Life Support

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The life support systems are designed to maintain a habitable and comfortable environment for the Astronauts inside the Habitat. To fulfill this task, the life support system must do several things:

  • Provide oxygen
  • Remove carbon dioxide
  • Maintain a comfortable temperature
  • Protect the inhabitants from radiation
  • Provide gravity

Since the missions undertaken by the OCESS cover much more distance than those of other space agencies, the environmental systems must be able to keep working for long stretchs of time without need of maintenence or resupply. Also, to minimize weight, these systems must be small and consume the least amount of supplies possible.

Providing Oxygen

The life support system obtains its supply of oxygen from the fusion reactor fuel. The fusion reactor aboard the AYSE Drive uses hydrogen as fuel. This hydrogen is stored in the form of hydrogen peroxide (H2O2), which is kept under pressure. Unlike water, hydrogen peroxide decomposes naturally into hydrogen and oxygen without the need for energy-consuming electrolysis. The resulting hydrogen is then fed into the fusion reactor whereas the oxygen is fed into the life support system.

Using this system eliminates the need for the refrigeration, which is needed to store liquid oxygen and hydrogen separately. We also eliminate the need to expend great amounts of energy in breaking up water to provide hydrogen and oxygen through electrolysis.

Removing Carbon Dioxide

A life support system that provides oxygen is no good unless it can remove the carbon dioxide produces by the human body. Since carbon dioxide scrubbers have too short a lifespan to last the duration of a mission, a new way of removing carbon dioxide was needed. Carbon dioxide is removed by way of a cryogenic scrubber. The air is circulated through pipes chilled by a refrigerant at -78ºC. This causes the carbon dioxide to liquefy while leaving the other gases in a gaseous state. This liquid carbon dioxide is then gathered up and evacuated.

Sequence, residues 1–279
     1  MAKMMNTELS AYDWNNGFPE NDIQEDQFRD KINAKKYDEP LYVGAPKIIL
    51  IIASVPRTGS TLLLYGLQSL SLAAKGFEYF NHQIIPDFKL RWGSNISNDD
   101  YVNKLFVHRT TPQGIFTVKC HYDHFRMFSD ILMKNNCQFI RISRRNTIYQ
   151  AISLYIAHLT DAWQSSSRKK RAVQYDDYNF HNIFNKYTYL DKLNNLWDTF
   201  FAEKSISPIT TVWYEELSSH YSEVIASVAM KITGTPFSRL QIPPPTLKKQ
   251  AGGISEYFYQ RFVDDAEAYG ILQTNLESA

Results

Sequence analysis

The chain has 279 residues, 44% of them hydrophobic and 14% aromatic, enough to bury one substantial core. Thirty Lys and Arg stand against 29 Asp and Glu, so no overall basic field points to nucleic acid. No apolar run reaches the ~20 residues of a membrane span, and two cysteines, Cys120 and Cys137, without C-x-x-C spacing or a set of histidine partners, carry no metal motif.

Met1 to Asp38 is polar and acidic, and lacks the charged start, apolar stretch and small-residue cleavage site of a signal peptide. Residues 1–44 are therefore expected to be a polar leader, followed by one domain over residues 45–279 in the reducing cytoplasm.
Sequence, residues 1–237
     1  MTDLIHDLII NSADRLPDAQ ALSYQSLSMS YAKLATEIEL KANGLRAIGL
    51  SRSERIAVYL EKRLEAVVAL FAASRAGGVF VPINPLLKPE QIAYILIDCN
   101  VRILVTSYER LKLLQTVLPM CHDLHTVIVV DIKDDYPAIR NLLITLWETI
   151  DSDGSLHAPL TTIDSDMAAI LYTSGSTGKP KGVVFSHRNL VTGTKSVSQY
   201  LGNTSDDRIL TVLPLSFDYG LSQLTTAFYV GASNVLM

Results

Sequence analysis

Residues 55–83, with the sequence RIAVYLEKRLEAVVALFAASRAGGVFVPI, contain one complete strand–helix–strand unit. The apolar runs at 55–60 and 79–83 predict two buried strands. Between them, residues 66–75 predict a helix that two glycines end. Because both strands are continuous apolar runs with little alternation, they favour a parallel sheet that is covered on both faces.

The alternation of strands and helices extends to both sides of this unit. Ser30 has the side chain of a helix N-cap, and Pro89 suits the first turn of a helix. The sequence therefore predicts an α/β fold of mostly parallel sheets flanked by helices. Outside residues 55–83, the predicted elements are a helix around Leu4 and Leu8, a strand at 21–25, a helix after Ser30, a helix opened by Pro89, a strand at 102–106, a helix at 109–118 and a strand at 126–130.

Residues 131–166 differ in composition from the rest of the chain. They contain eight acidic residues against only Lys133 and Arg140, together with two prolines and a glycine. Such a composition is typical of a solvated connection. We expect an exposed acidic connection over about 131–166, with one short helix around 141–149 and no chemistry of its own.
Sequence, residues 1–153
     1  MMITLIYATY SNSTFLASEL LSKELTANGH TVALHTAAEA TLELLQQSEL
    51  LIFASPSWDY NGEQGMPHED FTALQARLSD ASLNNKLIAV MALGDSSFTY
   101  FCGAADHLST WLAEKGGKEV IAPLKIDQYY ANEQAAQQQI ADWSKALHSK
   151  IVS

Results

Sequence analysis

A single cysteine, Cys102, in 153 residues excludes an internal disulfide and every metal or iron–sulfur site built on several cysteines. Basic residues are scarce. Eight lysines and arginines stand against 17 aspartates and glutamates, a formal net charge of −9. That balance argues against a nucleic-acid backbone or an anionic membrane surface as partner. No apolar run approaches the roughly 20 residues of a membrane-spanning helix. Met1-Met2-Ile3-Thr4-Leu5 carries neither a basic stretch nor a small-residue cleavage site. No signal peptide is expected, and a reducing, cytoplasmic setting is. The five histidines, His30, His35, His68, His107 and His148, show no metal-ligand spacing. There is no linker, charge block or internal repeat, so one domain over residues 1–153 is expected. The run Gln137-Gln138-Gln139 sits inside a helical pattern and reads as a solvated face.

The carbon dioxide gas is disposed of in one of two ways. It can be transformed into methane using the extreme heat of the fusion reactor coolant and some extra hydrogen fuel. This methane is then used to power the puffer jets that maneuver the Habitat. Alternatively, the gas can be ionized and fed into the plasma drives to provide extra thrust, like an afterburner.

Temperature Control

To maintain a constant temperature in space, the habitat is coated with a special white paint. This gives the Habitat an exceptionally high albedo and reflects about 80% of all heat radiation. To affect the temperature of the habitat in a more active way, reactor coolant can be pumped through tubes embedded in the habitat walls to provide heat; and refrigerant from the cryogenic carbon dioxide scrubber is used to cool down the habitat further.

Radiation Protection

Main article: Hull construction

The Hull plating of the habitat can be polarized, thereby repelling most types of radiation. Since polarizing the plating requires a lot of energy, the plating will only be polarized during severe ion storms. Normaly, the habitat walls are sufficiently insulated to stop most radiation.

Artificial Gravity

Main article: Artificial Gravity

To provide gravity while on its own, the habitat puts itself in a barrel roll, and the resulting centrifugal force provides enough gravity for the astronauts to function. While traveling with the AYSE Drive, the constant acceleration provides gravity through the inertia of the astronauts and the habitat.